Dr.Haris Silajdžić (Breza, 1. oktobra 1945.), je bosanskohercegovački političar. Sin je hadži hafiza Kamila ef. Silajdžića.
Život i karijera
Doktor je historijskih nauka i radi kao profesor na Filozofskom fakultetu u Sarajevu drži predavanja na univerzitetima širom svijeta, između ostalog i na prestižnom Harvardu, te još nekoliko američkih fakulteta.
Kao član Stranke demokratske akcije obavljao je dužnost ministra vanjskih poslova u Vladi Republike Bosne i Hercegovine (1990.-1993.) i premijera Vlade Republike Bosne i Hercegovine (1993.-1995.) za vrijeme rata u Bosni i Hercegovini. Uz predsjednika Izetbegovića, podnio je najveći teret ratnog liderstva napadnute i dobrim dijelom okupirane zemlje. Od 6. novembra 2006. do 10. novembra 2010. godine obavljao je dužnost bošnjačkog člana Predsjedništva Bosne i Hercegovine.
Od 1997. godine obavljao je dužnost dopredsjednika Vijeća ministara BiH. New Yorku 1998.
Izabran je za profesora na Filozofskom fakultetu u Sarajevu 1996. i na Cornell University Ithaca, u
Uživa značajan ugled u međunarodnim krugovima, a pogotovo u nekadašnjoj američkoj administraciji pod rukovodstvom demokrata. Govori nekoliko jezika. Osnivač je Stranke za Bosnu i Hercegovinu. Fakultet arapskog jezika i islamistike završio je u Bengaziju, magistrirao je i doktorirao u Prištini. Oženjen je i ima sina. Živi u Sarajevu.
Haris Silajdžić (Bosnian, in Cyrillic: Харис Силајџић) (born 1 October 1945) is a Bosnian politician and academic. In the 2006 elections, Silajdžić was elected as the Bosniak member of the Presidency of Bosnia and Herzegovina for four years in the rotating presidency.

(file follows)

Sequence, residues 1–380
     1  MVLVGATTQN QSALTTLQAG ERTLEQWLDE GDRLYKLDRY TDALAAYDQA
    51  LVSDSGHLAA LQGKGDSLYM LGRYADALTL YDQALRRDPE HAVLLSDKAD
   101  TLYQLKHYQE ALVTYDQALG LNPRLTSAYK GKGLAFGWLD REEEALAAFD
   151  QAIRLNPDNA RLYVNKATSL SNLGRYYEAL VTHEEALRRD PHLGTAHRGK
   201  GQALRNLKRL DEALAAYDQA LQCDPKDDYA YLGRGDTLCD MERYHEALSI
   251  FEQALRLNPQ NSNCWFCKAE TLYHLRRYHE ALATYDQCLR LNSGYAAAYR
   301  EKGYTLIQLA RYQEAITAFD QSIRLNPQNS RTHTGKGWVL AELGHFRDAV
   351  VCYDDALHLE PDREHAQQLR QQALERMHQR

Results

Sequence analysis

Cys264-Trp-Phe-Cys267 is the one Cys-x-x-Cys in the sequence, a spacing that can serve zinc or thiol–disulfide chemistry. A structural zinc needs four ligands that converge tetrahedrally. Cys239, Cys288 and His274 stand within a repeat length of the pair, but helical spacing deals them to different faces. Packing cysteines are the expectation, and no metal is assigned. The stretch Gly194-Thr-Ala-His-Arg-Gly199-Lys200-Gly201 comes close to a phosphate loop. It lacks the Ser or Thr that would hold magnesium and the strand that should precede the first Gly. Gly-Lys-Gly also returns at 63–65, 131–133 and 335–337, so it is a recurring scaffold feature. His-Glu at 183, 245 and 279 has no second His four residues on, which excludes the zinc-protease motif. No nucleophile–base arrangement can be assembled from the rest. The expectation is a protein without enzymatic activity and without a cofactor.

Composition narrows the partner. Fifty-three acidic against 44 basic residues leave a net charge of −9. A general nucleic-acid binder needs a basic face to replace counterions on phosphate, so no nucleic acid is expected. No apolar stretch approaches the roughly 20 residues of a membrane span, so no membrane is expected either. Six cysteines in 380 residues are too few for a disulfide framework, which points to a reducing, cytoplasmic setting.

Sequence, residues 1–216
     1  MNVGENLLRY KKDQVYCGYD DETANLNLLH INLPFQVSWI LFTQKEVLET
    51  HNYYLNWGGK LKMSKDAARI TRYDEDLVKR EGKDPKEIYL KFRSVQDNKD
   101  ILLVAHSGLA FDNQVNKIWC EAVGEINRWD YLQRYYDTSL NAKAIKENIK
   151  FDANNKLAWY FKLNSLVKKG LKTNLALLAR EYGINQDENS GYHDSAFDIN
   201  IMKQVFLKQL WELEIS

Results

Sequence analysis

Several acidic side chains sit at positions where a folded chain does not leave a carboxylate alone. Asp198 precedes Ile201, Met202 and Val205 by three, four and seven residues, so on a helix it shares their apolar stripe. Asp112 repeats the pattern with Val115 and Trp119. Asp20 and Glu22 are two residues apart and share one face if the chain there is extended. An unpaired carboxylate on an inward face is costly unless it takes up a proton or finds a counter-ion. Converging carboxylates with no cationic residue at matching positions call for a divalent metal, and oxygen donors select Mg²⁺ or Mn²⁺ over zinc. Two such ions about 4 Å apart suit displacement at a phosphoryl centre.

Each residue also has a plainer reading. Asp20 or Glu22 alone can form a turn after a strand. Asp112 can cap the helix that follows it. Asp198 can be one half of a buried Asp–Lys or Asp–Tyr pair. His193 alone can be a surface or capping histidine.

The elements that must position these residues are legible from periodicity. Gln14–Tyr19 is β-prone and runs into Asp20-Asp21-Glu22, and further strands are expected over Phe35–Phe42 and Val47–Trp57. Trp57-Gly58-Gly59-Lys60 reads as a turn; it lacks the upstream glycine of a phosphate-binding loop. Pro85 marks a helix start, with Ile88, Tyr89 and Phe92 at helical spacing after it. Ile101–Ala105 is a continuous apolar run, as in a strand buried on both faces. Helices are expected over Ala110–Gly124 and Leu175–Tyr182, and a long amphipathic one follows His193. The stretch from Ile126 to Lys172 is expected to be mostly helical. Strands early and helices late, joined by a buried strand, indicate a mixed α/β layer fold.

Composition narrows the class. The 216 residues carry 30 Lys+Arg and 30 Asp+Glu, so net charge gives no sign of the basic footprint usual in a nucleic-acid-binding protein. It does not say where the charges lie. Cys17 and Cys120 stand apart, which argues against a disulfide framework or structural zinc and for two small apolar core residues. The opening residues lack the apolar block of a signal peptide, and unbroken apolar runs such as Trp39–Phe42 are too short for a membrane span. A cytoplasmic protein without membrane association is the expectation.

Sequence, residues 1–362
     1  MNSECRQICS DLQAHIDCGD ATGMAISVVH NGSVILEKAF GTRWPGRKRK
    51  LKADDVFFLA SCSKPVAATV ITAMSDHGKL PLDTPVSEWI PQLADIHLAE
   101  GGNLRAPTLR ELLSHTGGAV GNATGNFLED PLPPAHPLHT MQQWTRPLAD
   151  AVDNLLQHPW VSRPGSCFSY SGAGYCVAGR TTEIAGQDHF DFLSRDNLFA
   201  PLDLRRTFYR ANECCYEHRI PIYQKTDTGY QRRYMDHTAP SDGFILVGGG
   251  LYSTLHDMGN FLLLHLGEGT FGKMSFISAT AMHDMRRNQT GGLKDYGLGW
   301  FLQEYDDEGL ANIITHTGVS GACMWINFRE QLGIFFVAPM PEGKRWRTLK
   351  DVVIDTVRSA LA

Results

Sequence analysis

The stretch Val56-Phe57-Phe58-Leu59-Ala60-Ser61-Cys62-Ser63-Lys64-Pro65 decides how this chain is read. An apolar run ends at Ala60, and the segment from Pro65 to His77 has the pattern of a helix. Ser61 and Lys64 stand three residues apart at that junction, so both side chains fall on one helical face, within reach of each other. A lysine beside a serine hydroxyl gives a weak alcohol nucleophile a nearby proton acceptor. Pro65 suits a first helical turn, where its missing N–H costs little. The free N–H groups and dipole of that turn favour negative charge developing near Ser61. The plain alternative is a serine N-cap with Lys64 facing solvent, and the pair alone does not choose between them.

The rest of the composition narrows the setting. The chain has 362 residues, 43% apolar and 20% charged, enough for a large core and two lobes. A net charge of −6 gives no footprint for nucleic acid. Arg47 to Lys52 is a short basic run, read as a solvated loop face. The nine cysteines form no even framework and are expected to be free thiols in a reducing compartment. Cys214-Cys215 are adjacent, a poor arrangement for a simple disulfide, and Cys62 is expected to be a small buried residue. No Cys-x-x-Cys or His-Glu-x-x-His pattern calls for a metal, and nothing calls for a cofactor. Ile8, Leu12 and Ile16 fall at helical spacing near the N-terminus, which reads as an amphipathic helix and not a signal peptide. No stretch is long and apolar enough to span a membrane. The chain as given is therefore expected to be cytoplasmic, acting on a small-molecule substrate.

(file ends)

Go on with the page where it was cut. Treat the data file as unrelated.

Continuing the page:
From 1990 to 1993 he served as the foreign minister of Bosnia and Herzegovina and as the prime minister from 1993 to 1996. During the Bosnian War, starting in April 1992 and finally ending with the Dayton Accords, he was perceived as the most visible advocate for self-defense and military assistance to Bosnia, insisting Bosnia faced foreign aggression by Croatia and Serbia based on Karađorđevo agreement. He also spoke on the issue of ethnic cleansing of Bosniaks and Bosnian Croats by the Serb forces. He continuously visited Western and Islamic capitals, as well as to the UN, raising the issue of injustice and ethnic cleansing.
In 2007, the International Court of Justice in the Hague acquitted Serbia of the charges of complicity in genocide brought against the "Federal Republic of Yugoslavia" by the Bosnian government. Silajdžić expressed disappointment at the court's ruling, but welcomed the fact that the court "ruled that Serbia and Montenegro had violated the Convention on the Prevention and Punishment of the Crime of Genocide by not preventing or punishing the perpetrators of the genocide.".
Silajdžić has been a member of the Bosnian delegation which negotiated the US-brokered Dayton Accords. He continues stressing that the document was essential in ending the genocide in Bosnia-Herzegovina, but now sees it as an obstacle in reunifying the country. Making strong steps and claims in 2006 and 2007 towards canceling certain parts of Dayton accords, he directly opposes the constitution of the country, thus being a very controversial political figure, famous on the Bosniak and infamous on the Serbian side. His main directions are abolishing the existence of Republika Srpska, breaking certain relations with Serbia and reforming the country towards unity. He continues to be a key figure in Bosnian politics. Originally, he was a member and vice-president of the Party of Democratic Action, but broke away from the party in 1997 by funding his own Party for Bosnia and Herzegovina.
At this time, Haris Silajdžić is the last Bosnian war-time politician who still actively impacts public life, in addition to Zlatko Lagumdžija who was Bosnia's Deputy Prime Minister during the war and who has held, and continues to hold, various public offices since that time. Silajdžić had a strong political comeback in the 2006 elections. He is backed by authorities and organizations throughout Bosnia-Herzegovina that voice dissatisfaction with the Dayton Accord provisions and oppose autonomy of the Republika Srpska entity within Bosnia-Herzegovina.